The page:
That long Vassar winter break is nice when all your friends at other schools are doing schoolwork and you’re still lounging in your pajamas, but imagine it dragging on to the end of January, then slogging through February, and spilling over into March…So naturally it was both exciting and relieving to finally be on a plane to Berlin.
I love traveling, and am fortunate to be able to sleep on planes, but I always get antsy at the end of a flight. Everyone just wants out, to have some room to breathe and stretch. Every plane I’ve ever been on, though, has been the kind where the door opens straight into the makeshift hallway leading into the terminal, where you feel a bit like you’re being vacuumed out of the plane, and can’t feel the fresh air until at least an hour later, after you’ve collected your too-heavy suitcases and inched past the irritable border control officer. Anyway, this time that pretend hallway was pleasantly absent. Instead, after an overnight flight, I stepped out into the weak morning sunshine and descended the mobile staircase feeling decidedly like Jackie O. or some other fancy, jet-setting 1960s celebrity, but definitely looking far less glamorous with my plane hair frizzling around my face.
Fast forward a bit through the first few hectic and jet-lagged orientation days. I’m staying with a guest family for the first month. The couple, generous and friendly, about the same age as my own parents and with a twenty-something son and daughter, live in a quiet little neighborhood in the southwest region of the city. The street is charming and the sidewalks are cobblestone. Every house is a fresh white or yellow, and each has its own little garden. Just a five minute walk away is the Grunewald, a large forest filled with joggers and happy birds. Sound too good to be true? It nearly is, but the almost-daily rain does dampen the mood a teensy bit. And it’s still basically winter. They say it won’t really be warm until at least May…
The first few weeks have also not been the Most Fun Ever just because of the bureaucracy we have to wade through to live and study here, but I can tell it will be worth it. The main focus of this particular program, run through Columbia University, is to get really good at the language. We are currently taking a language course to prepare ourselves, come April, to enroll in classes at the Freie Universität—in German. Regular classes with native-speaking peers. The thought blows my mind a little, especially given that just two years ago I could only read children’s books. My German is certainly already improving, but perhaps at the cost of my English. I have already found myself speaking English with German syntax, so I can only imagine what a mixed-up horror I could be potentially by the end of the semester. To be determined.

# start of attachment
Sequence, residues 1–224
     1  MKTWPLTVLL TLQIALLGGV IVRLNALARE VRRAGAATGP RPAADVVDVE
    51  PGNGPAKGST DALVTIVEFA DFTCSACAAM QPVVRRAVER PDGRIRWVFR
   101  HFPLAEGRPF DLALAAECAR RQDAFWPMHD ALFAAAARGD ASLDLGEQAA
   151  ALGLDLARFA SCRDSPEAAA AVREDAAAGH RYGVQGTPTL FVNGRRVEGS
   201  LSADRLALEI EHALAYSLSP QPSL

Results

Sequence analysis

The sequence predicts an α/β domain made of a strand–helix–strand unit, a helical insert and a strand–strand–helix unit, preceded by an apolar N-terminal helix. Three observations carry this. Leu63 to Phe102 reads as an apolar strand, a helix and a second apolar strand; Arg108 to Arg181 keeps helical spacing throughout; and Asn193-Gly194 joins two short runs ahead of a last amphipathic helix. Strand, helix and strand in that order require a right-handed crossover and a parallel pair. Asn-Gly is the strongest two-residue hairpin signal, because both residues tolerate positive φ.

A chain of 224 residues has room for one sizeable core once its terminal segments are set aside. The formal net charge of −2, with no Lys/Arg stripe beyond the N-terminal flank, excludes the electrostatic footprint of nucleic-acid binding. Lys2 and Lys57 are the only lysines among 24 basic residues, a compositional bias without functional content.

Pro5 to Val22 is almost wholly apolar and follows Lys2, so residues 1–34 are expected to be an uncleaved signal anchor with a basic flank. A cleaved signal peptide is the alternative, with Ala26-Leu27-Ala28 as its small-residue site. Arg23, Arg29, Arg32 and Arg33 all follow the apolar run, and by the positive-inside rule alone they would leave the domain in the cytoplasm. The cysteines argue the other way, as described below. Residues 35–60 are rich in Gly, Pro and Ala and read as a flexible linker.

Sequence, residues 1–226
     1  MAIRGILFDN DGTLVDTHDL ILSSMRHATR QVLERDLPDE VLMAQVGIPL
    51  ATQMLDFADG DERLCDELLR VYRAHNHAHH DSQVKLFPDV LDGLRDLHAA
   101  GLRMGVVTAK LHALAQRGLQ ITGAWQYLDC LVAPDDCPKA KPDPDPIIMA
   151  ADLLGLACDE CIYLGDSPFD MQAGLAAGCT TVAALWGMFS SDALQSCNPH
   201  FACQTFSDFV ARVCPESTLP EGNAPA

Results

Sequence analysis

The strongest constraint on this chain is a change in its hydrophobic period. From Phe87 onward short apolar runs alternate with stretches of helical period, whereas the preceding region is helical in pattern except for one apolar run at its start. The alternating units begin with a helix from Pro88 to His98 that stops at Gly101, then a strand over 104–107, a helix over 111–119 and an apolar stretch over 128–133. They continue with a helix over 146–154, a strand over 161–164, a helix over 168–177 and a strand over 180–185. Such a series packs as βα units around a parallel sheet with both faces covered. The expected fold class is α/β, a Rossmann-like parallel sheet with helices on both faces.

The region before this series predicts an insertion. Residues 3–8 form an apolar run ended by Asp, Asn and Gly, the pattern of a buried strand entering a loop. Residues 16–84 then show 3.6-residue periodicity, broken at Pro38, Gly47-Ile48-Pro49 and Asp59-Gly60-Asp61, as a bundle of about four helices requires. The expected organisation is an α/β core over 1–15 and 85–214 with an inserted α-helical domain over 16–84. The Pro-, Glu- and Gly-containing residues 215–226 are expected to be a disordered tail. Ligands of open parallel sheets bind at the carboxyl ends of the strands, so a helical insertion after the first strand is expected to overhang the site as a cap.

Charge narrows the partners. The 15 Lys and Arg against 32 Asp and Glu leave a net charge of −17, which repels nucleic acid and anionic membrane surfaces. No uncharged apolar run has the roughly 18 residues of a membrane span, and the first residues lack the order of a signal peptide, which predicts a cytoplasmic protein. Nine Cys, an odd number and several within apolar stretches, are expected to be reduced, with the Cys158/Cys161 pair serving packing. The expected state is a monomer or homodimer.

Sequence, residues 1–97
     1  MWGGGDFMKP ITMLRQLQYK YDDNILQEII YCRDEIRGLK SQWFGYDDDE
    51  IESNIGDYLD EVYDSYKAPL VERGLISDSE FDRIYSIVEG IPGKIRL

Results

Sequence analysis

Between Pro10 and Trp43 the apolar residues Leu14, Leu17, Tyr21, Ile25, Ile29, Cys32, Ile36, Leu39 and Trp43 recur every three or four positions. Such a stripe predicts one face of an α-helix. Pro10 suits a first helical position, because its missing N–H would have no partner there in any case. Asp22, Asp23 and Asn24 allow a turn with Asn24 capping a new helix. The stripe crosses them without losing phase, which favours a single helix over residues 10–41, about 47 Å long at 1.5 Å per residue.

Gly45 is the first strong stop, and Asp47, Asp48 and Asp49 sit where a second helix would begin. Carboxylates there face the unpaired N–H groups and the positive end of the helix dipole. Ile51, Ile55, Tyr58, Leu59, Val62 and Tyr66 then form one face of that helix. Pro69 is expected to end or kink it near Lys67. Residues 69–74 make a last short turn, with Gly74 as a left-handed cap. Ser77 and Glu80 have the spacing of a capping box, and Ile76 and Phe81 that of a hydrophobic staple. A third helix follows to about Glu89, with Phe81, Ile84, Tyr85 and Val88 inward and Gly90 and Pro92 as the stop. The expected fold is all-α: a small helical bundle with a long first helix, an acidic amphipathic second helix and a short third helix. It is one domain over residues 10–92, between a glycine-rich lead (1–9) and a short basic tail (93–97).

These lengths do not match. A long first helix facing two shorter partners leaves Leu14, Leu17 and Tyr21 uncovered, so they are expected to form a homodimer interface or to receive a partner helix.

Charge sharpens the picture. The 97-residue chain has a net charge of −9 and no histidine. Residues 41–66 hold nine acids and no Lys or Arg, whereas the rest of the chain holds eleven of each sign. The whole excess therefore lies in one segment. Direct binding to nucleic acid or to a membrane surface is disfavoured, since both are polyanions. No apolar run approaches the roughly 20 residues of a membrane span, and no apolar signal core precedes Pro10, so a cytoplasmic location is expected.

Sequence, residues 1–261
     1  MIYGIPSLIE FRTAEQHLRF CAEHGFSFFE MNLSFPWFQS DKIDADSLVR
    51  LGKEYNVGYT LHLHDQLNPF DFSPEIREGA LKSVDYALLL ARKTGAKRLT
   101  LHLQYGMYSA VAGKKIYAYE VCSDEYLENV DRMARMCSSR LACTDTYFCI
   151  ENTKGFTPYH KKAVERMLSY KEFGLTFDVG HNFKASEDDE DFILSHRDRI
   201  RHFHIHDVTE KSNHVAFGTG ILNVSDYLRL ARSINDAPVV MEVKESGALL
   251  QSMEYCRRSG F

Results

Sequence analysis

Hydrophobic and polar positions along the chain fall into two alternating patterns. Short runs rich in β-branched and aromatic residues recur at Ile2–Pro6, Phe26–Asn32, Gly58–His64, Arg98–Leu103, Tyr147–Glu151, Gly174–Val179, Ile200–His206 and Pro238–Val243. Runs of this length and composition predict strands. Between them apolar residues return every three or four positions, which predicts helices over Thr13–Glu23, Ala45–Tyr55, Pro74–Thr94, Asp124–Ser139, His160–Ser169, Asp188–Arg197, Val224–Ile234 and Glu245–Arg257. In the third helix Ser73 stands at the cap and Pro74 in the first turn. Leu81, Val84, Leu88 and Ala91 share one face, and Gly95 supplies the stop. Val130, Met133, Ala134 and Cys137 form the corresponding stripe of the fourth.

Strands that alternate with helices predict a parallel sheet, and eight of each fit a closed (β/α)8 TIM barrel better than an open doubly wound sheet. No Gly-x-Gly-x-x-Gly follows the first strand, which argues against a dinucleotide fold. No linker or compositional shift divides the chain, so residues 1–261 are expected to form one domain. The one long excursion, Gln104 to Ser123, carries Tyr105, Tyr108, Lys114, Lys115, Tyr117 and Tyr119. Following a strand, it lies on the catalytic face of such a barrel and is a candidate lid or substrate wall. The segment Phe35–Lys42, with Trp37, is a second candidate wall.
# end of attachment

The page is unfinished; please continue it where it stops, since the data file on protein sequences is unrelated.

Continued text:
The first month or so of the program includes a group outing every week—a great way to see some historically and culturally significant parts of the city (and also tag ourselves immediately as tourists). Our first excursion was to Bernauer Straße, one of the most famous Berlin Wall memorial sites. This portion of the Wall ran directly down the street, using people’s homes as a portion of the border, leading to some dramatic and even deadly attempts to escape from East Berlin through the windows of the houses and into West Berlin, before the houses were boarded up for good. The houses are no longer there of course, since most of the wall is also gone, but pieces of the wall and other markers remain as memorials to what once occupied the space.
The next week we went to the Deutsches Historisches Museum, where we got a warp-speed tour through some of the most famous periods of German history, including the Weimar Republic, World War II and the post-war division and occupation. The museum itself lies just on the banks of the Spree River, and the rare sunny day gave us a fantastic view of the other spectacular buildings on the so-called Museum Island, including the famous Berliner Dom.
The more I see of the city, the more thankful I am that I get to stay for several more months; there is just way too much to see as a short-term tourist, not only because of the intense history and vibrant art and architecture, but also because of its sheer size. The term “Großstadt,” which translates to “big city,” can hardly describe the breadth of Berlin. It’s only 100 kilometers bigger than New York City, but feels simultaneously much bigger and much more manageable. Huge, yes, but somehow not intimidating, just exciting.
Adjusting to life here has been pretty easy for me, with one glaring exception: time management. The stereotype of the punctual German exists for a reason. My natural tendency towards lateness has regrettably deteriorated since I came to Vassar, where nothing seems to begin on time. But here, everything seems to run like clockwork, down to the impeccably timed crosswalk signals. The U-Bahn trains aren’t late and to get on and off you press a little button on the door, people step out, others in, everybody knows just where they’re going, and boom, the transaction is over in seconds. Timely, self-sufficient, organized.
However, other common stereotypes about Germany have, of course, proved untrue. For example, diet: if asked to think of a German food, most people would probably say sausage, or maybe Wiener schnitzel. But everywhere I’ve been, I’ve found vegetarian and even vegan options. Most stereotypes Americans may have of Germany—think lederhosen, yodeling—are both antiquated and regional (although the cheap-and-abundant beer is happily not a myth).
Everyone says that Berlin and Germany are two very different places, and from what little I’ve experienced of each, I’d have to agree. But I’ll need to test that further—got a lot more exploring to do. Stay tuned for more adventures (and hopefully more exciting ones than visas and grammar) in the Hauptstadt.